The CDC now counts 1 in 3 adults and nearly 1 in 5 youths from ages 6 to 19 as obese. The cost of treating medical problems related to obesity reached an estimated $147 billion in 2008, and individual medical costs for obese patients were $1,429 higher in 2006 than those for people of healthy weight.
Besides creating a high risk for Type 2 diabetes, obesity contributes to the risk of cardiovascular disease and cancer, Fonarow says.
Cost-saving health tips: Any successful weight-loss strategy boils down to one formula, the CDC says: Burn more calories than you consume. To calculate how many calories you need to eliminate to reach your goal, remember that each pound equals about 3,500 calories.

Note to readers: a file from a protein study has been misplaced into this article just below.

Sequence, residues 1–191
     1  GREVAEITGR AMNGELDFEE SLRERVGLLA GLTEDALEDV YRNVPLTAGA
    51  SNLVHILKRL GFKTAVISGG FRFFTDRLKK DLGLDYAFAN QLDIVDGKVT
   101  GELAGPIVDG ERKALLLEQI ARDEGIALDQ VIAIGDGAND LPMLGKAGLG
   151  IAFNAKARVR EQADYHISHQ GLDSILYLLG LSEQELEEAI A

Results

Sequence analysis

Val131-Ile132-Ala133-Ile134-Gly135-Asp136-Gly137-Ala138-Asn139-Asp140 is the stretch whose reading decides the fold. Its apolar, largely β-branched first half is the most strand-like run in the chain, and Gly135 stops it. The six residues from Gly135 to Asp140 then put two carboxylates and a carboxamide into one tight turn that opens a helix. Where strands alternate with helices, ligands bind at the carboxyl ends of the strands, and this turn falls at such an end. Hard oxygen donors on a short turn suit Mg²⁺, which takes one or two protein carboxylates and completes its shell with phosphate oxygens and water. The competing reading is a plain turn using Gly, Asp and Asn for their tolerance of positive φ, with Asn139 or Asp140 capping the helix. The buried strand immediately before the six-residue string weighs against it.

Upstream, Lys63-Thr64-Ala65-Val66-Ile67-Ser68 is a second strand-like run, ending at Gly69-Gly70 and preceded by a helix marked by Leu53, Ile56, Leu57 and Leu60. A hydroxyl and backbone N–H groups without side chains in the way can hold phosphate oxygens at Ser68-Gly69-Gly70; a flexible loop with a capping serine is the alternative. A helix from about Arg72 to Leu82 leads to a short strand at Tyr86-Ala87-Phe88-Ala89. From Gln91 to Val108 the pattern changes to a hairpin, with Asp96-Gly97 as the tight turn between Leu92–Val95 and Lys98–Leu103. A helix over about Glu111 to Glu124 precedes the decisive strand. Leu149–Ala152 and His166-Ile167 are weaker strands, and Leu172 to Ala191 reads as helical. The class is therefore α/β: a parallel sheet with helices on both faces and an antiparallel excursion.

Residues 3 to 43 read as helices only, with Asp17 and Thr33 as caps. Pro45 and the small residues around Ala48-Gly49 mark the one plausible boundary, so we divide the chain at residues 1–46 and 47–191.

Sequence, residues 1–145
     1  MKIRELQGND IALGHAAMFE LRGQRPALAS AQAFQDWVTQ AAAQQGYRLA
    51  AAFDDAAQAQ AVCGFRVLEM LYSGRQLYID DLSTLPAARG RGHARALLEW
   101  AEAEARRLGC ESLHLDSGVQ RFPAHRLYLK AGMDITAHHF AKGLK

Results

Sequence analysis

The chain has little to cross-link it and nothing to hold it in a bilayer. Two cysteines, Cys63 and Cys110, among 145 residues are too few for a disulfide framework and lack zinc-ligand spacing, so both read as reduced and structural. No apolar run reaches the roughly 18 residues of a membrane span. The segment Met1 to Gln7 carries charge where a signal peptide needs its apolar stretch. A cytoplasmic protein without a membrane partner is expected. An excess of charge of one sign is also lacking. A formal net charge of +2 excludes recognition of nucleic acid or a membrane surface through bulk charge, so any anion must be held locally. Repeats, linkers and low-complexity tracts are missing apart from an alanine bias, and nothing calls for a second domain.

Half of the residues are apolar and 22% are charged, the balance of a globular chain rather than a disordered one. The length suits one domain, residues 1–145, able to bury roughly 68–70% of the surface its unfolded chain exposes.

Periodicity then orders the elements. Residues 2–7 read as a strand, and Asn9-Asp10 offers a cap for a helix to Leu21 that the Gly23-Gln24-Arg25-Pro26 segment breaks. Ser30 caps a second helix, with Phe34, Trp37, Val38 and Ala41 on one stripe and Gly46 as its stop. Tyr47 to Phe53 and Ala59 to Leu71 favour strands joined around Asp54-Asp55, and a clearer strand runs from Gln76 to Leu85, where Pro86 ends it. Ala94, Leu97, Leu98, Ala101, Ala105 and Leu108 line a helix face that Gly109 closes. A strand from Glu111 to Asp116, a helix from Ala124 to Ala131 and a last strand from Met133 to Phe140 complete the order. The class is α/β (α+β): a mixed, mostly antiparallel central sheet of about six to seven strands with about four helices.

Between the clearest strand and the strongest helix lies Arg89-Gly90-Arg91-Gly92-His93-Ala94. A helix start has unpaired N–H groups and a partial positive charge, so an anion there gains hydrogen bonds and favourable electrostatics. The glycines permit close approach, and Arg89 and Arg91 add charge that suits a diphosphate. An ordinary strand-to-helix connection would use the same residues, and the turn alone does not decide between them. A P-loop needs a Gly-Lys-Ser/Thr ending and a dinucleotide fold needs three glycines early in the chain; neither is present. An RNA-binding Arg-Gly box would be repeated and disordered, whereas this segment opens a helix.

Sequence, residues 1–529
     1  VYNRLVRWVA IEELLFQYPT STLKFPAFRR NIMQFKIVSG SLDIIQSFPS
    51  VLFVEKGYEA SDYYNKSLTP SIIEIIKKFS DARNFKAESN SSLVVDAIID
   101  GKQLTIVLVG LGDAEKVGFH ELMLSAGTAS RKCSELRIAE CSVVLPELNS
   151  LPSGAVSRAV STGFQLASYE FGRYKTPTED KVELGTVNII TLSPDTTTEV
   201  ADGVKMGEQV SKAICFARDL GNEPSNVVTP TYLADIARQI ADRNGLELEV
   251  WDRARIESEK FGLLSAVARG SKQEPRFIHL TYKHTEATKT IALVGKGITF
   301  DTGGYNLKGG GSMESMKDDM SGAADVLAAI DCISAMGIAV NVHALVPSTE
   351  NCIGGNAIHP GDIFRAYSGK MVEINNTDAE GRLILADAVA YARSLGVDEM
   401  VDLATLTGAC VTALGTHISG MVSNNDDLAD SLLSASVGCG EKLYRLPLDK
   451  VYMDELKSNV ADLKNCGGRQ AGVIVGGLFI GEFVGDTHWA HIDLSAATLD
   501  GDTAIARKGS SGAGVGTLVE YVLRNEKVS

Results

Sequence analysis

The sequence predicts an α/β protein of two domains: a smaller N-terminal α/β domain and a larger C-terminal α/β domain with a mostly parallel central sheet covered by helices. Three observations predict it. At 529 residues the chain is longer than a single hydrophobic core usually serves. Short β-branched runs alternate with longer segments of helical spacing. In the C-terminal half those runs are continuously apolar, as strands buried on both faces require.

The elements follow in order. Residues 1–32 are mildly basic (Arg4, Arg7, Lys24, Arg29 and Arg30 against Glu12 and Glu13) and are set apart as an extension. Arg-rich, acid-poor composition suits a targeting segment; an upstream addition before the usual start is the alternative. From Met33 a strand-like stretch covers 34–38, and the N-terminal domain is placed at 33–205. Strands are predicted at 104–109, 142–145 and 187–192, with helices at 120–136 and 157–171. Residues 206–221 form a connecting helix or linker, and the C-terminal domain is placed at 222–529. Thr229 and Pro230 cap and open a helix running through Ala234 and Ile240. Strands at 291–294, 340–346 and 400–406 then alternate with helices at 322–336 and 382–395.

Bauer stresses that exercising and eating right lead to better health at any weight level.
"No matter where you are on that continuum, you can dramatically improve your health status, even if your weight never changes, by regularly getting physical activity and making healthful food choices," she says.